Good retail bad retail no.4–16 October 2017
This week I’ll share the good and the less good from a recent trip to Whole Foods in Richmond (SW London). I was keen to visit given the Amazon acquisition to see what had changed and if there was a noticeable difference in customer experience.
Whole Foods does seasonal product well and Halloween really plays to its strengths and US heritage. Interest in Halloween in the UK has grown significantly in the last few years and retailers have been tapping into this with varying levels of success. The striking display if pumpkins outside the store left no debate — this is a retailer that is taking Halloween seriously, and the pumpkins were complemented by a strong product range just inside the door of entertainment and gifting foods.
Another angle I really like about Whole Foods is the experiential side. We hear so much about this in terms of bringing customers to stores, but few retailers manage to do it well. I was impressed with the calibre of events on offer and would have liked to have seen them featured in more prominent positions around the store. Some creative fun could be had here with user generated content and images of events around specific food groups. Also as a planner, I would love to know what’s happening in November and December too.
The famously reduced avocados are still a feature — and reduced by a further 9p according to the signage. (Why are Whole Foods’ promo prices yellow or orange? Since when were these the colours to signal promos to customers rather than red?)
I don’t think the average Whole Foods customer is going to care about this kind of price reduction. If you’re shopping in Whole Foods you’re probably not counting every last 9p. And if you know anything about avocado pricing (which I happen to), you will know that £1.00 to £1.20 is the going rate in most UK supermarkets, including Waitrose, which is probably Whole Foods’ closest competitor in terms of customer demographic. So all that’s happened is the Whole Foods price has come down to the top end of the market price.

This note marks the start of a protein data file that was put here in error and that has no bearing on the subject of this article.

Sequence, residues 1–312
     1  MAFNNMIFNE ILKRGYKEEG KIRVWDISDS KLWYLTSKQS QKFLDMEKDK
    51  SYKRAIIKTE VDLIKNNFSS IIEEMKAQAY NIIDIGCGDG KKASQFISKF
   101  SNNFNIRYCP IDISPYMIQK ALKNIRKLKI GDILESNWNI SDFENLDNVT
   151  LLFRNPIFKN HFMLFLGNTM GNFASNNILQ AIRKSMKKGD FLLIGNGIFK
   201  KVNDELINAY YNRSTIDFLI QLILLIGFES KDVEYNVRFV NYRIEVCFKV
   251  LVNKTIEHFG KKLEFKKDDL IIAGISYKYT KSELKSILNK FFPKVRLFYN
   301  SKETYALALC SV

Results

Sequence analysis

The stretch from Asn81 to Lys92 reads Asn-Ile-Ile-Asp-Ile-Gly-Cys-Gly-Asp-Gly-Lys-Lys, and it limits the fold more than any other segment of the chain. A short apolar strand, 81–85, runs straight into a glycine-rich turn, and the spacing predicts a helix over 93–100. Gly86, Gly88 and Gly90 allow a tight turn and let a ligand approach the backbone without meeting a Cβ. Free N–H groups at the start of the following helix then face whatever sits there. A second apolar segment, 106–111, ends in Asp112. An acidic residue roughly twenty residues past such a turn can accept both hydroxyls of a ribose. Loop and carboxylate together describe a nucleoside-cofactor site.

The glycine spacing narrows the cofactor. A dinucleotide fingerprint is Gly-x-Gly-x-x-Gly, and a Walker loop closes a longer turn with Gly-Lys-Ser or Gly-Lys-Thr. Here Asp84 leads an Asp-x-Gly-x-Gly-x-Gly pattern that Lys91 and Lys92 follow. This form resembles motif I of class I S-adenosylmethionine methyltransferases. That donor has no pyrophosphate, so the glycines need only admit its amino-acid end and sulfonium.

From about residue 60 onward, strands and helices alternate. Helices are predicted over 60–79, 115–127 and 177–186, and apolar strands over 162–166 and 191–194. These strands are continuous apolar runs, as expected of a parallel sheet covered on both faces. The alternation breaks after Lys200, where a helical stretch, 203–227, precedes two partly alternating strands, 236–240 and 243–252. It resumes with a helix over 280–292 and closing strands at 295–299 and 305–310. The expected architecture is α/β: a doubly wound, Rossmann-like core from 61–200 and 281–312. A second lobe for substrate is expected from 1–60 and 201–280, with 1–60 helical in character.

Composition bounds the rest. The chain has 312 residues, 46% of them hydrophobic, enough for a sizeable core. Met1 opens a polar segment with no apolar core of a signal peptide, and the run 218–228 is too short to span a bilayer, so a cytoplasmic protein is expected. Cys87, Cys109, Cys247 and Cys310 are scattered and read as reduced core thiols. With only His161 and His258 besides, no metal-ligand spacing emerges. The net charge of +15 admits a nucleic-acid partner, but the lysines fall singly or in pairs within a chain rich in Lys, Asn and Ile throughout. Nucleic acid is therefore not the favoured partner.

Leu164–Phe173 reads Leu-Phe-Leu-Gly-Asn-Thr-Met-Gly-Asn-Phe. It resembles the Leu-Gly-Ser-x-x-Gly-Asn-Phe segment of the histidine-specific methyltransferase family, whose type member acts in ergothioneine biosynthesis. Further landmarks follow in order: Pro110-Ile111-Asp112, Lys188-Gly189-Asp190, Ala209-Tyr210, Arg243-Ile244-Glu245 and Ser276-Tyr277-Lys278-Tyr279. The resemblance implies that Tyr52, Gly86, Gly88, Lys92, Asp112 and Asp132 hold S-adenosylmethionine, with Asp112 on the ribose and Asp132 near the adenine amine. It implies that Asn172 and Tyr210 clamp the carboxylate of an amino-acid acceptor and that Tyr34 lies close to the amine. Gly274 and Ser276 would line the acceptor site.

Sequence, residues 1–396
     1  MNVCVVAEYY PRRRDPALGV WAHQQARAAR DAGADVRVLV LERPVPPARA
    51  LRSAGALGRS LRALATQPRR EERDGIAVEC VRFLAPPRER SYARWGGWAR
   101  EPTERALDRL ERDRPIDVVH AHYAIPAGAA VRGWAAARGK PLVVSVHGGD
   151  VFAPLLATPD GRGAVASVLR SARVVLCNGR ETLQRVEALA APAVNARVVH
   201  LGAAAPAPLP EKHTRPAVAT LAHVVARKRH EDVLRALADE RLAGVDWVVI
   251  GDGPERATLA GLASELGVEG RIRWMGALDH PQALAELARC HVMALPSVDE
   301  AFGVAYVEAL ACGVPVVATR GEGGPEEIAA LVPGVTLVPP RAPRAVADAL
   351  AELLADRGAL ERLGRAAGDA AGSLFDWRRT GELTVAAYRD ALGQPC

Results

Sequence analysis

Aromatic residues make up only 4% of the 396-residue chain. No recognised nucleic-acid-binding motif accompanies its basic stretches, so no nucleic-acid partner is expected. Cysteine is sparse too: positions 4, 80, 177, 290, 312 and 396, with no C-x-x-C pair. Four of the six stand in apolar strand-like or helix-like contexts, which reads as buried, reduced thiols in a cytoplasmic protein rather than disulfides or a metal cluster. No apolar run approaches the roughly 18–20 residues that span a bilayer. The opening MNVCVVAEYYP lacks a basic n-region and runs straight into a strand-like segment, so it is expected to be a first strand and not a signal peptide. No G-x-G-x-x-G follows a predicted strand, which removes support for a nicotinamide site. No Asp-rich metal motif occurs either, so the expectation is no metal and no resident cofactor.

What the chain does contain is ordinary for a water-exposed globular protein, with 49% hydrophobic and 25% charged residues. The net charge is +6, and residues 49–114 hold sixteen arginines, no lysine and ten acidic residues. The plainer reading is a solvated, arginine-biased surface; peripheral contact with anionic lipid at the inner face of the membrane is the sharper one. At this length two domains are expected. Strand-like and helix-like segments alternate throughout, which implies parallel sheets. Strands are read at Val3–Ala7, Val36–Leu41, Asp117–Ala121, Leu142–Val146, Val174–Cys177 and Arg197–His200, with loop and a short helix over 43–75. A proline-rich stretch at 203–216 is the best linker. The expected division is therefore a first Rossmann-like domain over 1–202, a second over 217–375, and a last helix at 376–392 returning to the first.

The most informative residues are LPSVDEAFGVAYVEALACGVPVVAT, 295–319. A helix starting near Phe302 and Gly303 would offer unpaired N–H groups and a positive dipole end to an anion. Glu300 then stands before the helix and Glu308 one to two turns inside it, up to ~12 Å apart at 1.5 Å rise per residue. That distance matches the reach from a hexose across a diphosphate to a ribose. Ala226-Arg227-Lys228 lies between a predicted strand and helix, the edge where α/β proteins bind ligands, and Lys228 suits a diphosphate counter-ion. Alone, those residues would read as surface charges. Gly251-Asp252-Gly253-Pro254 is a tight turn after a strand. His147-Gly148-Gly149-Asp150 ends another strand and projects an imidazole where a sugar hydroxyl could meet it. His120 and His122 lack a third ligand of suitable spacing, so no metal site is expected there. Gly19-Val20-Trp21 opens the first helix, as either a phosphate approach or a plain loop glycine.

Similarly I was astonished to see the sea of promotional prices in the chocolate aisle, including the rather ugly piece of vinyl on the floor shown in this picture:
Surely there are better ways to celebrate Chocolate week!
Tastings, value add promos, new launches, limited edition products, really incredible high end products just off the top of my head.
Customers do not come to Whole Foods looking for a bargain. Nor are they foolish enough to be taken in by these false promos when a typical basket will still end up more expensive than elsewhere — yellow tickets or no yellow tickets. Whole Foods should focus on quality, range, service and store experience. OR adopt a completely different price driven strategy — which needs to be accompanied by other changes in store.
Not sure if good or bad retail…yet
There is a giant Amazon locker by the exit to the store. I know this has been in situ for a while as I had popped in a few weeks back but didn’t have time to take any photos. Whilst I think the locker is an idea with great potential to drive footfall and cross sell across both brands, I haven’t seen anyone interact with it yet, and it does take up a large amount of real estate. Also, its position means that a customer could walk into the store via the exit without seeing anything of the Whole Foods proposition. So I would have located it further into the store and surrounded it with accessible (i.e. popular / seasonal) product to reap more cross sell benefits. And finally — check out the juxtaposition of branding (style, fonts, colours) below — a bit confusing to customers.
In conclusion, there appear to be limited changes to this particular Whole Foods as a result of the Amazon acquisition. However those that are apparent in store don’t — to my mind — seem to be quite right for the customer experience for Whole Foods as a standalone business. I’m sure there’s a well thought through master plan from Amazon as to how these changes really benefit the whole business — time will tell…